Get answers to the most common questions surrounding care transitions ó from suggested training for the transition team to program challenges and benefits to measuring the success of care transition efforts.

Data highlights include:

  • Top three care transitions addressed by responding organizations;
  • Sector-specific analysis of care transition efforts by hospitals, nursing homes, long-term care facilities and more;
  • The number one component of a care transition program in use by more than four-fifths of respondents;
  • Ideas to improve hospital discharge planning;
  • Seven top tasks that take place during home visits, as well as the frequency, duration and impact of home visits;
  • Optimal training programs for staff members charged with transition programs;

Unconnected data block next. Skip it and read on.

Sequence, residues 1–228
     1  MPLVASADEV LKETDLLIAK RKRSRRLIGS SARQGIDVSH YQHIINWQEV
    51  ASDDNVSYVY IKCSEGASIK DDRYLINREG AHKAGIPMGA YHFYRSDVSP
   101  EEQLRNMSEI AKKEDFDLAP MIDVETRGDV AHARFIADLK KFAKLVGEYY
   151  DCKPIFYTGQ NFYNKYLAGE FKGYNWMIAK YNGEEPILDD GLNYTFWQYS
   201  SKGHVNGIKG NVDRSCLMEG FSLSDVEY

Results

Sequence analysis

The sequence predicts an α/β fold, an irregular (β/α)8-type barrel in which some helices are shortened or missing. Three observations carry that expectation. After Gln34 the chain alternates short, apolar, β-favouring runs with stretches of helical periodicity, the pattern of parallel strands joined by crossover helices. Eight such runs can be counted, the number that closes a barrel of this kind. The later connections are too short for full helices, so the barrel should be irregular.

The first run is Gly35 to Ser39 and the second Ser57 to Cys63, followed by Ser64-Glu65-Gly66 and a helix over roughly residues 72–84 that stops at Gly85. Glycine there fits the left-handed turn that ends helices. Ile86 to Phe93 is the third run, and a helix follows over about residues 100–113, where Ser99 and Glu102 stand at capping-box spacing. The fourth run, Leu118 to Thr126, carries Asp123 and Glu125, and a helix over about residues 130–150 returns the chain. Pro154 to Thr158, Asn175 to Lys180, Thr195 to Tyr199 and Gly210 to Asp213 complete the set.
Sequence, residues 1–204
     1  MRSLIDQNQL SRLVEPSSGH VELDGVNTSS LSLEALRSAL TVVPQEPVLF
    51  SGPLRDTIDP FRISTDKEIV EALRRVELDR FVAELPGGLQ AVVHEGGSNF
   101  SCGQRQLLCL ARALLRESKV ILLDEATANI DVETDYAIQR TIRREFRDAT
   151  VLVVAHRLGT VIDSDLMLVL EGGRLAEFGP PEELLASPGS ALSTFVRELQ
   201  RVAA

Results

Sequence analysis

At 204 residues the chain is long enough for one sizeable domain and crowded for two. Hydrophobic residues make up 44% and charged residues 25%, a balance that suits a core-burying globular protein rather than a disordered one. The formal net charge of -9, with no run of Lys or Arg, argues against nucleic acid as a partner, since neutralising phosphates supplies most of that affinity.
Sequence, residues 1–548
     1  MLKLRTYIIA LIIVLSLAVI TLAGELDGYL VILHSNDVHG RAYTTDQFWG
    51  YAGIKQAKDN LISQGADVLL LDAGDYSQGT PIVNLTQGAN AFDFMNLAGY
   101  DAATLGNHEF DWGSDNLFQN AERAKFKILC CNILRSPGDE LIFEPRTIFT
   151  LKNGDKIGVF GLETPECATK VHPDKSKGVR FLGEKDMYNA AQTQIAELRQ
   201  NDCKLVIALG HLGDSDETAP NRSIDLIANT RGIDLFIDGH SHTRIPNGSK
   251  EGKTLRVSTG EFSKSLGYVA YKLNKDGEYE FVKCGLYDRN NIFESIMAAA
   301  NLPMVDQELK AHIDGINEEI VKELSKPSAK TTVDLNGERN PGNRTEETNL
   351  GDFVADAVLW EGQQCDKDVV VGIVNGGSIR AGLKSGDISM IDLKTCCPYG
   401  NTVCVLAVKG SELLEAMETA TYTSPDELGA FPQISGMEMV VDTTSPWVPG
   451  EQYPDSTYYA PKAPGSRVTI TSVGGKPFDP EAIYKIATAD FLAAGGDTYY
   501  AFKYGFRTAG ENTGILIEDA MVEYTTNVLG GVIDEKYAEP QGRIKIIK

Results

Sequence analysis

• The impact of care transition programs on healthcare costs, health utilization, avoidable hospital admissions, health outcomes and caregivers and other benchmarks;
and much more.

Discharge Planning Primer: Community Collaborations to Decrease Hospital Readmissions Risk

Coordinated planning of a patient's care following a hospital or nursing home stay can greatly affect health outcomes, likelihood of readmission and/or emergency room visits, as well as cost to patients, providers and insurers. A discharge management plan that integrates community resources and programs can further ease the transition from hospital to home and improve continuity of care.

Discharge Planning Primer: Community Collaborations to Decrease Hospital Readmissions Risk profiles two aptly named discharge management efforts that access and maximize partner resources for their populations. CHOICES is a hospital-based case management program for older adults in Albany, N.Y., while CASA (Community Alternative Systems Agency) in Broome County, N.Y. is a community-based initiative that collaborates with hospitals and nursing homes to help frail elders and young disabled adults. Both are client-centered models in discharge planning designed to meet the physical and psycho-social needs of their respective populations.